24 x 28 in | 61 cm x 71.1 cm
After hiking for hours through flat land I was startled by a huge boulder. It provided a dramatic backdrop for a Paper Birch and the bright canopy beyond. I couldn’t help thinking that the glaciers intentionally drop these boulders to restore some drama to the land after they have flattened it.
The Paper Birch is known for its brilliant white bark that peels off as the trunk expands. I enjoy painting birch trunks because they take on subtle reflections. On this day the rain-soaked leaf litter imparted a rusty glow to the bark. Eventually the Hemlocks will form a dense canopy under which nothing will grow. They will dominate the forest for centuries until fire or logging initiates another cycle. In the lower right hand corner of the painting is a massive stump, a remnant of the giant hemlocks that once dominated the region.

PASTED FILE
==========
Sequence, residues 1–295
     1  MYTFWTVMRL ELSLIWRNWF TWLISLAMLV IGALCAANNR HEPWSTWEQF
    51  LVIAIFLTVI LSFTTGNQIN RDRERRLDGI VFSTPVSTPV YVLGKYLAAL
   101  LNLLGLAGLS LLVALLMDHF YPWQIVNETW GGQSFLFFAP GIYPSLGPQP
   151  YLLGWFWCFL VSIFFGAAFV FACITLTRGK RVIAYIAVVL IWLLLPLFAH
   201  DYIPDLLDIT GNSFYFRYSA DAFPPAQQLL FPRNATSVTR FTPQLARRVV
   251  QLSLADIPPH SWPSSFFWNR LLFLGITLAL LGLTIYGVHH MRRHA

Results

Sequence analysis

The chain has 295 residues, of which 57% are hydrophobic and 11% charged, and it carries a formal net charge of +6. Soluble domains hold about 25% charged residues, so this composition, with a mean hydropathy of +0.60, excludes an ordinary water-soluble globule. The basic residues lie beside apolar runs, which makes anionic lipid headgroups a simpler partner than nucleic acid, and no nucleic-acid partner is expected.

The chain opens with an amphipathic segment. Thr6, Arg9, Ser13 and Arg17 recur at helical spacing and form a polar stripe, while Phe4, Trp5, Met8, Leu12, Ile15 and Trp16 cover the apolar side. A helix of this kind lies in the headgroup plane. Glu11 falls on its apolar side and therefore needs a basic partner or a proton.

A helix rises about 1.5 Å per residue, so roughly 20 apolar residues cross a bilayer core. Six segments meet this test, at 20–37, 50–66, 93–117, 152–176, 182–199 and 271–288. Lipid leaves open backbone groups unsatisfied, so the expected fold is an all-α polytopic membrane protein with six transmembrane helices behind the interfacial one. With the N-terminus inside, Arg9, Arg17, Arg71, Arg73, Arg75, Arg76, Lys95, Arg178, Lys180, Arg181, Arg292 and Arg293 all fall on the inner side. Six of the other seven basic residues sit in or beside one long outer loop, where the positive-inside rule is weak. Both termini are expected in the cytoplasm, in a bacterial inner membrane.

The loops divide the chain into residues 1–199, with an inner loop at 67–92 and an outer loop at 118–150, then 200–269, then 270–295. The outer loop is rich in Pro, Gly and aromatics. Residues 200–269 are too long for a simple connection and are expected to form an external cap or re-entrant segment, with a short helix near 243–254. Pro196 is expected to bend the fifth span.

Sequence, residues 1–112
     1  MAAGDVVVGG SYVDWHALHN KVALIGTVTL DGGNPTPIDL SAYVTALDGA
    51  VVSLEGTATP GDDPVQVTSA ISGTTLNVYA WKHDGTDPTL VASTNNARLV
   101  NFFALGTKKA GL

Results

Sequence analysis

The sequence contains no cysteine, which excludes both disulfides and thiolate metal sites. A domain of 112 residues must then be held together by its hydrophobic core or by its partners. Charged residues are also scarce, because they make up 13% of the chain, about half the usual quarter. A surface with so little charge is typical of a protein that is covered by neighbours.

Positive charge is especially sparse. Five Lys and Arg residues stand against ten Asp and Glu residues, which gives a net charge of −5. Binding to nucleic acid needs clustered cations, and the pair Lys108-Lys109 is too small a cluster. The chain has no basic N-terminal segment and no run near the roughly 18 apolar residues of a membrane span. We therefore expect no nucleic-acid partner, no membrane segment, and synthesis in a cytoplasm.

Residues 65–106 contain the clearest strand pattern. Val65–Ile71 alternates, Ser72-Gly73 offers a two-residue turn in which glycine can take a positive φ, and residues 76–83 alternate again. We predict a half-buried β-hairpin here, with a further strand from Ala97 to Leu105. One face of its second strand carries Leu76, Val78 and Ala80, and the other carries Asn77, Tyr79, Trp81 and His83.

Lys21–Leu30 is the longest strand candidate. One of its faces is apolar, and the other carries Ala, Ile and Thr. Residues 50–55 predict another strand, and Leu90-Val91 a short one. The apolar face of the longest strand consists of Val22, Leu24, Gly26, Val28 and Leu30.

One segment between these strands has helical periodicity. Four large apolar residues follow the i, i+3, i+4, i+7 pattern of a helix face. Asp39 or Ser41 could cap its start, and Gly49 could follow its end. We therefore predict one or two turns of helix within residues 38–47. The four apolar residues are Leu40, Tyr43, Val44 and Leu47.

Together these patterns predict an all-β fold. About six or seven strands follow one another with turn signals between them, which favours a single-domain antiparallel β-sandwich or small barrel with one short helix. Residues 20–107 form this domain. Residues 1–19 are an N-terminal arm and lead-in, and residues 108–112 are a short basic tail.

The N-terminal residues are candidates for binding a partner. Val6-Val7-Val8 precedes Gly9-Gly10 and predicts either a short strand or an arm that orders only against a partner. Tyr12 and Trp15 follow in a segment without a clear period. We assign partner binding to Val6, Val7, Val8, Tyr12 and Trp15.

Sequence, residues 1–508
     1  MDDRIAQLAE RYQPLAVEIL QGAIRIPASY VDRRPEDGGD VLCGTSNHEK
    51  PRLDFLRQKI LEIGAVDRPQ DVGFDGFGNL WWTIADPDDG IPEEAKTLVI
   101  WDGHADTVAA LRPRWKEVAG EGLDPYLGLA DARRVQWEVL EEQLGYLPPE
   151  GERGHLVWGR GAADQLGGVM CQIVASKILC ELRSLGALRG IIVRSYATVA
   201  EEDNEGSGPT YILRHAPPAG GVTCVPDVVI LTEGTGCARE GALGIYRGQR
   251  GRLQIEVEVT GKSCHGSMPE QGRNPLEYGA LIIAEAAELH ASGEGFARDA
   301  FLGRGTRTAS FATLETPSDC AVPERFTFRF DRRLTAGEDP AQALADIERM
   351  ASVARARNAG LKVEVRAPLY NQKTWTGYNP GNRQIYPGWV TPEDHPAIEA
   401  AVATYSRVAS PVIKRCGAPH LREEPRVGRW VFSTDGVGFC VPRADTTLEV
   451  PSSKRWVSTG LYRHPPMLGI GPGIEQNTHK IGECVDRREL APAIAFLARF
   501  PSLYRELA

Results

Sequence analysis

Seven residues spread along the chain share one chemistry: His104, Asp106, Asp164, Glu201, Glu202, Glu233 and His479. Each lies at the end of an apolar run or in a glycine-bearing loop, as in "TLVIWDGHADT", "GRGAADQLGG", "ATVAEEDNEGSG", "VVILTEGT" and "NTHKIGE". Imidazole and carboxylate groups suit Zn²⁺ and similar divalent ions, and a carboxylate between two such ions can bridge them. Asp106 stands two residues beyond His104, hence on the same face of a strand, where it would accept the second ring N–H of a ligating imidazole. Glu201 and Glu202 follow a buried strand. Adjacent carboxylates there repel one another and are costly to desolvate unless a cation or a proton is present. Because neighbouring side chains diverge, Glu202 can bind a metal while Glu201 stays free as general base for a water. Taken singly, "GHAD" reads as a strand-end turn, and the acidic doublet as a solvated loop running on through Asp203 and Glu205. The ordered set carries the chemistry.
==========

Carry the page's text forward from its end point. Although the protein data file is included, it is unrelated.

Paper birches (Betula papyrifera) and Hemlocks (Tsuga Canadensis) can be seen growing together from Southern Ontario, Quebec and New Brunswick down to Wisconsin, Michigan the New England States and throughout the high regions of the Appalachian Mountains into Northern Georgia. I discovered this particular scene while hiking with my family in Frontenac Provincial Park in Southern Ontario.